A great number of good writers use a variety of swear words to express a realistic situation or a conversation which illustrates more fully the dramatic scenes they are trying to convey to their readers. In fact, many consider words that some find repulsive as poetic, expressive, building trust and offer crucial linguistic tools. However, they are also maligned as the words can only be written in most newspapers and magazines with the use of asterisks.

A US academic has called for the rehabilitation of swear words. ‘Profanity is poetic,’ says Michael Adams of Indiana University. ‘Poetic, because it’s a surplus of expressiveness and also poetic because there is something poetic in an extremely frustrated person finding no other word suitable for the level of frustration they feel.’

Professor Adams, who has written the book In Praise of Profanity, says that ‘the versatility of swearing and its power makes it a much underappreciated linguistic device. They are words that punctuate experience. Profanity is artful speech. It is also socially useful – research has shown that swearing is a way of cementing bonds in groups. You can use it to foster intimacy and friendship; it creates solidarity between members of a group,’ he maintains. There is though, he admits, a paradox here: You cannot praise profanity without to some extent legitimizing it, at which point it ceases to be swearing.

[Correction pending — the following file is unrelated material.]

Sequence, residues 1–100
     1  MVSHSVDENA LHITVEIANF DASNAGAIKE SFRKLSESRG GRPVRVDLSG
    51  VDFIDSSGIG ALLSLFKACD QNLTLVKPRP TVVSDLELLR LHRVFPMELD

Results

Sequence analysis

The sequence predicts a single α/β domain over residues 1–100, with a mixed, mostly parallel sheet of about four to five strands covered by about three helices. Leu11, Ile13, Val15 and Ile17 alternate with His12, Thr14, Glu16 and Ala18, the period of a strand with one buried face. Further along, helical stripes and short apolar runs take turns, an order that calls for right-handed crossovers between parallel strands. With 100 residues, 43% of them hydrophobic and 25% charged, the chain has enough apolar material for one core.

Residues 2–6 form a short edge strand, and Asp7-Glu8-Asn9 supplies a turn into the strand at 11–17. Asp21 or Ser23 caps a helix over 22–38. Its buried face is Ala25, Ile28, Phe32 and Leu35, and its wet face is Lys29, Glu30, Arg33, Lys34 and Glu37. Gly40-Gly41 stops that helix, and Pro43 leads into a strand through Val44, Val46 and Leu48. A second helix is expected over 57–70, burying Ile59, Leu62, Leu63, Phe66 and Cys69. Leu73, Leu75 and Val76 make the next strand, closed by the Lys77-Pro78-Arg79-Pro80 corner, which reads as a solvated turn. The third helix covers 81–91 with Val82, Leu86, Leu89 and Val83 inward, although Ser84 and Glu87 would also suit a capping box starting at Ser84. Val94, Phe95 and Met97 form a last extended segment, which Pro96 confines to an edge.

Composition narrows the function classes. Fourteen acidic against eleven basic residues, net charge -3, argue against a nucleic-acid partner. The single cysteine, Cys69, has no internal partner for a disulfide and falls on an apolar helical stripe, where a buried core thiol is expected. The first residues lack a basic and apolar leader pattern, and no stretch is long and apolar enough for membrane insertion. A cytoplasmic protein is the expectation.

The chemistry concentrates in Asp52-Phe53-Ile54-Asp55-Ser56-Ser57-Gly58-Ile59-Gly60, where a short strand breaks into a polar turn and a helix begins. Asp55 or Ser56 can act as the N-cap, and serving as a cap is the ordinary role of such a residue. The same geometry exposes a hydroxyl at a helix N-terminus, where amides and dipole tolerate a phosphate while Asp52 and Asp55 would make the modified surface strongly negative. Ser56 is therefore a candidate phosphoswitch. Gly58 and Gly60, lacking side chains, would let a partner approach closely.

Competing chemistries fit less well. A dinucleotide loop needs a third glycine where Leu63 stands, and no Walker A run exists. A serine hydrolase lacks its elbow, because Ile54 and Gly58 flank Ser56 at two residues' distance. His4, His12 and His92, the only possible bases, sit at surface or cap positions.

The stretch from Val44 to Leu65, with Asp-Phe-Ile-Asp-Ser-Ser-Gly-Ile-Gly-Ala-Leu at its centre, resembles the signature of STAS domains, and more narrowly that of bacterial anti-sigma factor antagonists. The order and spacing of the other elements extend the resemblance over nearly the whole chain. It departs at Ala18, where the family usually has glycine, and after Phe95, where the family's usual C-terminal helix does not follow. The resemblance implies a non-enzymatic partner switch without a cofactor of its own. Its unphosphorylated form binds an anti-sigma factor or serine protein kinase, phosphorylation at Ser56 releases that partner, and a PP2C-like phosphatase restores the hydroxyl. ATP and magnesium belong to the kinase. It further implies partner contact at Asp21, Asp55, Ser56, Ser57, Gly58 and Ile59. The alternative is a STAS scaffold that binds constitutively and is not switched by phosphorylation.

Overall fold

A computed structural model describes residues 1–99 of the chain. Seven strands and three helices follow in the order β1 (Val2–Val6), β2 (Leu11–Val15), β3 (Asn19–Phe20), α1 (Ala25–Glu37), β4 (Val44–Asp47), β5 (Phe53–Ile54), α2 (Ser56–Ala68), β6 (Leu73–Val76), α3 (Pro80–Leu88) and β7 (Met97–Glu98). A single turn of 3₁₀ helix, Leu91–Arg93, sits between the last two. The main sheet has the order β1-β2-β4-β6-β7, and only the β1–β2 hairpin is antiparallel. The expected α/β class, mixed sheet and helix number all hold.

A failure to preserve the profane he believes would mean letting down future generations. There should be less casual swearing: ‘We should restrain ourselves, hoping our restraint gives more power to the profanity when it is useful to kids.‘

What I find unacceptable, however, is when profanity is tediously repeated which in my view robs it of the impact it is meant to have. It will become self-defeating and rather shoddy.

It is then that its poetic side effect vanishes as a result of its multitudinous repetition. Like everything else, indulgence at times can have its drawbacks.

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